4.  The problems are primarily in Northeast PA where methane is an issue.

Pennsylvania drilling data - t-shirt

The vast majority of water wells affected by drilling (most of which have been via methane migration), have happened in the eastern (e.g., Bradford and Susquehanna Counties) and northwestern portions of PA. There are very few (14 to be exact) water well issues related to drilling in Southwest PA. The tee-shirt emblem depicted to the right suggests why.

The Big Picture on the Pennsylvania Drilling Data

Let’s zoom out and look at the big picture. Shale drilling is an industrial activity. Big machinery, lots of trucks, heavy equipment, etc. Any kind of industrial activity–no matter if it is drilling a shale well or building a bridge or even building a windmill–has risk. Things can and will go wrong. To expect zero risk and zero problems is not living in the real world. It is a fantasy.

There have been 243 water wells that have been affected to date. There have been, as of the latest PA production report issued a few weeks ago, 7,679 “unconventional” or horizontal shale wells drilled in PA to date. If you calculate the percentage, those 243 adversely affected water wells (most of them with fixable methane migration), as problematic as they may be, represent a rate of only 3%. Yes, we wish it were lower – but as we pointed out, it’s getting lower as time goes on which is precisely what we’d expect. This video tells the story:

We realize the majority of Americans these days like McNews – watching TMZ and Comedy Central is how they consume their high caloric, low information news. They won’t bother to consider the real issues at play here. Most will scan a pejorative AP story and conclude that, “Yep, that thar shale drillin’ is dangerous after all. It’s pollutin’ our water!”

But, we know the the real story and, more importantly, the economic and environmental miracle of Marcellus Shale drilling in PA.

Editor’s Note: We are planning our own analysis of the DEP data but thought it important to get Jim’s excellent perspectives out quickly. He’s always the first to find things and the first to study them and, in this case in particular, his observations provide some much needed perspective. They also show this is, yet again, not about the hydraulic fracturing process or its safety, as much as Josh Fox and friends would try to make that the case. It’s about the separate drilling process that has been going on for more than a century here in Pennsylvania and the largely methane migration issues that can just as easily result from drilling water wells and geothermal wells.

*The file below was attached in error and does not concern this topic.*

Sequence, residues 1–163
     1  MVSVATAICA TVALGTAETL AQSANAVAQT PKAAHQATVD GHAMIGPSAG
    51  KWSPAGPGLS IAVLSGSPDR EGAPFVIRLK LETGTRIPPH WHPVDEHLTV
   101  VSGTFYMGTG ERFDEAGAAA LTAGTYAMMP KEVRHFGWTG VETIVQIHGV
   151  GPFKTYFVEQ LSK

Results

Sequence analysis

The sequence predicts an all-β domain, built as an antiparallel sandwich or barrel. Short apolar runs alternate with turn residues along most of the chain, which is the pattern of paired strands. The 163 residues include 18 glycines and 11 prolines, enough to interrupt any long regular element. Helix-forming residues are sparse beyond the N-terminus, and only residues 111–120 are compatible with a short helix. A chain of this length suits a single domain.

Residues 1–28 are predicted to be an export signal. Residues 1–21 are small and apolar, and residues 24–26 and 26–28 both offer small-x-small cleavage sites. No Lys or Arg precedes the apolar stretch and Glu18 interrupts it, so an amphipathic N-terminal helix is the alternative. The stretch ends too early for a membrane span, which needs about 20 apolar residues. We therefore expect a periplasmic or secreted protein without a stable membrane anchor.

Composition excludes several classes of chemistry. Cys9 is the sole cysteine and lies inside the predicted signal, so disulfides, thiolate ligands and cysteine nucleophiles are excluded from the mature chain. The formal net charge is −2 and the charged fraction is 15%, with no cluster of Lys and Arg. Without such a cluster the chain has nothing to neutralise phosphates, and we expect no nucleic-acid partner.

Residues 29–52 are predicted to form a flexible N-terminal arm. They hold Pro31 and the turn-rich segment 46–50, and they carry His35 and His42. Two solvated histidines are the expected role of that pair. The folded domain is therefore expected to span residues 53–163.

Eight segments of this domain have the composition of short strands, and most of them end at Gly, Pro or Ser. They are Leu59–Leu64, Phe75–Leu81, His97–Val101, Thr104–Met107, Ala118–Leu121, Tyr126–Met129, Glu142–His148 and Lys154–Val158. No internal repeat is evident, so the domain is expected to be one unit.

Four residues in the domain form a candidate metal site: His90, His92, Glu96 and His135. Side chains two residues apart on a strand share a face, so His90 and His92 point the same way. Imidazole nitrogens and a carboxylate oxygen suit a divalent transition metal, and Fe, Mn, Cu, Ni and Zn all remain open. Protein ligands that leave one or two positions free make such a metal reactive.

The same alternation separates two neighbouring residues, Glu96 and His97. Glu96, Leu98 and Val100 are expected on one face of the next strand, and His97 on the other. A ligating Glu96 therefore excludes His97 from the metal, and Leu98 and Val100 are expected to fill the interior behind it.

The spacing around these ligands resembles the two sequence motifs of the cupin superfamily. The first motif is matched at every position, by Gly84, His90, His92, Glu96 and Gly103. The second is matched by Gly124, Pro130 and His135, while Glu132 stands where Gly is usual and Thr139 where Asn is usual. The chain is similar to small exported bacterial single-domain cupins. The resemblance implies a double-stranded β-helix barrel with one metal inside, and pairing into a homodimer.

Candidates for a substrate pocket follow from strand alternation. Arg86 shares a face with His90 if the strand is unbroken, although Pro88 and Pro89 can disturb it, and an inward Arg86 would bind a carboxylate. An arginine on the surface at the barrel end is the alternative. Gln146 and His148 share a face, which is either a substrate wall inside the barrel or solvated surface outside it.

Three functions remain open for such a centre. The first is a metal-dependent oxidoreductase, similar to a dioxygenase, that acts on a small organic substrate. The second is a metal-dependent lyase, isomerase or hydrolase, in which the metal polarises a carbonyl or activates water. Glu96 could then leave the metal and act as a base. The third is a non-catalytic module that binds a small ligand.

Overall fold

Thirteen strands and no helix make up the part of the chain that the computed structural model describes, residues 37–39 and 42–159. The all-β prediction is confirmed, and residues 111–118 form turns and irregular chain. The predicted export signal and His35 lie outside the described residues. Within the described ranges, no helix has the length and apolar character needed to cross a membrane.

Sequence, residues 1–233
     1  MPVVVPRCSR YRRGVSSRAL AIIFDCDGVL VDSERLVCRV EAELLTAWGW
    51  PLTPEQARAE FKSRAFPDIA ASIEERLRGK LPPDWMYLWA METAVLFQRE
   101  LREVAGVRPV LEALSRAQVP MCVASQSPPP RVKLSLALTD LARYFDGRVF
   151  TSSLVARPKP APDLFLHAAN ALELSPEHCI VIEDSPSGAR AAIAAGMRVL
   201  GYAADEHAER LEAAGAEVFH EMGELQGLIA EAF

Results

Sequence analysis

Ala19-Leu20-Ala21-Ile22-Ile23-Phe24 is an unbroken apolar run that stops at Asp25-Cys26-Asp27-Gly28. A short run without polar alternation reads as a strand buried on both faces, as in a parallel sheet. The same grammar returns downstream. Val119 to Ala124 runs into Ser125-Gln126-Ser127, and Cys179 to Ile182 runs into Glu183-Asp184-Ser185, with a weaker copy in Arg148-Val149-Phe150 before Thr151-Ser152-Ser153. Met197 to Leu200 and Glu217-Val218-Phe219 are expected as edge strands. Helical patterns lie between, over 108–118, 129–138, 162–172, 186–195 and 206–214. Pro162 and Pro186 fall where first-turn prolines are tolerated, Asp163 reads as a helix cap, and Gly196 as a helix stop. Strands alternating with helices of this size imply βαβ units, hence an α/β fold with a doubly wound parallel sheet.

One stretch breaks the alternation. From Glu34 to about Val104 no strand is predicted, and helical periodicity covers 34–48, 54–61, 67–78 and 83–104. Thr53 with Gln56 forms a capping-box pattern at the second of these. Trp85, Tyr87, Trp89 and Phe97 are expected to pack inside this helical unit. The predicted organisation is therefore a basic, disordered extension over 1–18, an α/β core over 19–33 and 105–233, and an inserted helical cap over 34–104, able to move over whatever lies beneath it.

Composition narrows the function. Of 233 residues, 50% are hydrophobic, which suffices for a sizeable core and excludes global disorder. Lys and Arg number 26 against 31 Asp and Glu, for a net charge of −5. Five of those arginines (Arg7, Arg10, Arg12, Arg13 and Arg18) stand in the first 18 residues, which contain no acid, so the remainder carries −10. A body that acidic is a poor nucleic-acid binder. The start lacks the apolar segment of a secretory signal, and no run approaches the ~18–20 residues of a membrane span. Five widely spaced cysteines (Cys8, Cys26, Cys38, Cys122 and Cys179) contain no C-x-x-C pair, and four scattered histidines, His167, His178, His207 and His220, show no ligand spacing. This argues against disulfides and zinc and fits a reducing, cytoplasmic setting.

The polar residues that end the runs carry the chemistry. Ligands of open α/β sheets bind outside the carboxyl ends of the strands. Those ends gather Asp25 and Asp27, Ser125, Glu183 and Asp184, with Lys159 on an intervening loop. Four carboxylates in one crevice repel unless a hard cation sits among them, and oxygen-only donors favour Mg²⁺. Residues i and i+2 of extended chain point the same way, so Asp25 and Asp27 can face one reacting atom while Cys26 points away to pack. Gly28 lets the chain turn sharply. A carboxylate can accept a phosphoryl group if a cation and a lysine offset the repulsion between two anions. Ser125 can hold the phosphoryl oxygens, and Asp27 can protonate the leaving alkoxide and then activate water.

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14 thoughts on “Pennsylvania Drilling Data Isn’t What Fractivists Hoped

  1. Right, Jim, the data isn’t what fractivists hoped, it’s what they and most thinking people had feared.

    Here is a link to the documents that actually works: http://bit.ly/1lyMfGG

    What is remarkable about this is how long it has taken to get the DEP to begin to release the data – years of requests and law suits – evidence that the role of the agency to date has been to protect the O&G industry not the health of Pennsylvania citizens.

    I went through some of the more recent cases and found few related to methane. The majority of the reports spoke of barium, iron, aluminum, manganese, magnesium, strontium, and other contaminates at levels much higher than pre-drilling samples. The letters were unequivocal in explaining the that the causes were nearby drilling.

    Smoking gun? You can bet your toxic fracking fluids this is a smoking gun. And given the poor record of the DEP in responding to complaints, it is clear that this is far from a complete accounting of the problem.

    The only breathless reporting I’ve seen so far is your little perspective. This is not news to those whose water and lives have been disrupted by the industry you and Tom breathlessly defend.

    I’ve heard that barbecue sauce is helpful when eating crow.

  2. Tom you are a buzz killer for this cult…..Responsible is a word not found in the chicken little cult vocabulary. Everything has impact. I’m sure the Auto industry is happy the chicken little cult is focused on selective energy. Thanks for “dilling down into the actual facts”. You might want want to go back over the Huge water well issue in the rural areas of PA. In PA you can put a pump in a big mud puddle for drinking water as there are no regulation. Many states, NY for one ,you can’t just put a hose in a puddle , there is a whole permitting and testing process the homeowner and the driller must comply with. Many findings and “contamination” in the reports from PA rural areas come from turbulence from well drilling for water or gas. They are disturbing the bottom of the aquifers, sins from the past. How come there isn’t any municipal water problems? Are they immune? Or are they constructed to prevent issues from any type of surface run off contamination?